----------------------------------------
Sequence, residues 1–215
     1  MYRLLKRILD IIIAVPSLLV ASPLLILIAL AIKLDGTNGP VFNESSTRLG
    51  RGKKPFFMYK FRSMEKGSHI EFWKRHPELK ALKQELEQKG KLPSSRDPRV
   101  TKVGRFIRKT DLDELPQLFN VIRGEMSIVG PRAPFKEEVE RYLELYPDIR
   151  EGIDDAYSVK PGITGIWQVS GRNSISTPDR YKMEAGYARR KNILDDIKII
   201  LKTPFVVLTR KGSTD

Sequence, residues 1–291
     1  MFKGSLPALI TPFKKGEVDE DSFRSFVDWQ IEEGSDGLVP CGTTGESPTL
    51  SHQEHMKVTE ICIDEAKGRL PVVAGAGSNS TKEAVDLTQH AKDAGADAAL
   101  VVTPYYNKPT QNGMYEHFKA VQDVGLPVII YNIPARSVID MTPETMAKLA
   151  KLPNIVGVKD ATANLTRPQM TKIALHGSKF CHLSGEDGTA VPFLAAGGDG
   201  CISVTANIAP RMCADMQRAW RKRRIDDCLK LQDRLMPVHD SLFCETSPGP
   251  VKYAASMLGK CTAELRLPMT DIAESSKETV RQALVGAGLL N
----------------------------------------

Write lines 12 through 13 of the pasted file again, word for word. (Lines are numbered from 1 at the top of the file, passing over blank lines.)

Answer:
   201  CISVTANIAP RMCADMQRAW RKRRIDDCLK LQDRLMPVHD SLFCETSPGP
   251  VKYAASMLGK CTAELRLPMT DIAESSKETV RQALVGAGLL N